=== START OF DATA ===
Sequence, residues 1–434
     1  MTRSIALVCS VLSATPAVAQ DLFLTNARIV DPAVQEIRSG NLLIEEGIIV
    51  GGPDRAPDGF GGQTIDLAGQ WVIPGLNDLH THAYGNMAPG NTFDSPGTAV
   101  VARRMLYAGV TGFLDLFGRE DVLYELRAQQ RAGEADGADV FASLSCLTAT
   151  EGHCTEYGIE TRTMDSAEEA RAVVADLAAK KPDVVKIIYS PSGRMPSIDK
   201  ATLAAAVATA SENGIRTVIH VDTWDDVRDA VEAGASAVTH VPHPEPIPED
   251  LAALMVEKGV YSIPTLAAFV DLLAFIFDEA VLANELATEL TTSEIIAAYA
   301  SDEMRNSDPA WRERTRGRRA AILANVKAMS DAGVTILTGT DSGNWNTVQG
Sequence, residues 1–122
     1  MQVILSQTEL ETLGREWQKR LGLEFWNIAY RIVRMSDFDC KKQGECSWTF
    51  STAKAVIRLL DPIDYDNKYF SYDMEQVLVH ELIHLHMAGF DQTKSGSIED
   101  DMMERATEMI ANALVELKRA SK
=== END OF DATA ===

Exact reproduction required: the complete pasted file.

Sequence, residues 1–434
     1  MTRSIALVCS VLSATPAVAQ DLFLTNARIV DPAVQEIRSG NLLIEEGIIV
    51  GGPDRAPDGF GGQTIDLAGQ WVIPGLNDLH THAYGNMAPG NTFDSPGTAV
   101  VARRMLYAGV TGFLDLFGRE DVLYELRAQQ RAGEADGADV FASLSCLTAT
   151  EGHCTEYGIE TRTMDSAEEA RAVVADLAAK KPDVVKIIYS PSGRMPSIDK
   201  ATLAAAVATA SENGIRTVIH VDTWDDVRDA VEAGASAVTH VPHPEPIPED
   251  LAALMVEKGV YSIPTLAAFV DLLAFIFDEA VLANELATEL TTSEIIAAYA
   301  SDEMRNSDPA WRERTRGRRA AILANVKAMS DAGVTILTGT DSGNWNTVQG
Sequence, residues 1–122
     1  MQVILSQTEL ETLGREWQKR LGLEFWNIAY RIVRMSDFDC KKQGECSWTF
    51  STAKAVIRLL DPIDYDNKYF SYDMEQVLVH ELIHLHMAGF DQTKSGSIED
   101  DMMERATEMI ANALVELKRA SK